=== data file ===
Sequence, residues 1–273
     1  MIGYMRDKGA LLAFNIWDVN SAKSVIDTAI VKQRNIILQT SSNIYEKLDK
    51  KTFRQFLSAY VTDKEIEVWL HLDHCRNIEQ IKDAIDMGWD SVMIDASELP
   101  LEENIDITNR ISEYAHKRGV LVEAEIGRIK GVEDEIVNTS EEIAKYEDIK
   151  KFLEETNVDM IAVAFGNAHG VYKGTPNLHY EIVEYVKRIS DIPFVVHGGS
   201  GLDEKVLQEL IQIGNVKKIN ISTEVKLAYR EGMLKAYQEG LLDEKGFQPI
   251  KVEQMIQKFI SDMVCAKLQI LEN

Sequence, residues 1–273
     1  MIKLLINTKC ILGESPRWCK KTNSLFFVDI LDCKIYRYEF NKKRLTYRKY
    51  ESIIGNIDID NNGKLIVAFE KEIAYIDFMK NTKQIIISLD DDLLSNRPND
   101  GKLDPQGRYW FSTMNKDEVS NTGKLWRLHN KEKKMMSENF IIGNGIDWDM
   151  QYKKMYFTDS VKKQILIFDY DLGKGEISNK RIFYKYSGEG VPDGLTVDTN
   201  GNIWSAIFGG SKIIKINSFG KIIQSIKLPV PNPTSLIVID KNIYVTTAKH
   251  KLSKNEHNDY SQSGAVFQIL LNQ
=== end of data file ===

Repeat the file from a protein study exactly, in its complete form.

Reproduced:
Sequence, residues 1–273
     1  MIGYMRDKGA LLAFNIWDVN SAKSVIDTAI VKQRNIILQT SSNIYEKLDK
    51  KTFRQFLSAY VTDKEIEVWL HLDHCRNIEQ IKDAIDMGWD SVMIDASELP
   101  LEENIDITNR ISEYAHKRGV LVEAEIGRIK GVEDEIVNTS EEIAKYEDIK
   151  KFLEETNVDM IAVAFGNAHG VYKGTPNLHY EIVEYVKRIS DIPFVVHGGS
   201  GLDEKVLQEL IQIGNVKKIN ISTEVKLAYR EGMLKAYQEG LLDEKGFQPI
   251  KVEQMIQKFI SDMVCAKLQI LEN

Sequence, residues 1–273
     1  MIKLLINTKC ILGESPRWCK KTNSLFFVDI LDCKIYRYEF NKKRLTYRKY
    51  ESIIGNIDID NNGKLIVAFE KEIAYIDFMK NTKQIIISLD DDLLSNRPND
   101  GKLDPQGRYW FSTMNKDEVS NTGKLWRLHN KEKKMMSENF IIGNGIDWDM
   151  QYKKMYFTDS VKKQILIFDY DLGKGEISNK RIFYKYSGEG VPDGLTVDTN
   201  GNIWSAIFGG SKIIKINSFG KIIQSIKLPV PNPTSLIVID KNIYVTTAKH
   251  KLSKNEHNDY SQSGAVFQIL LNQ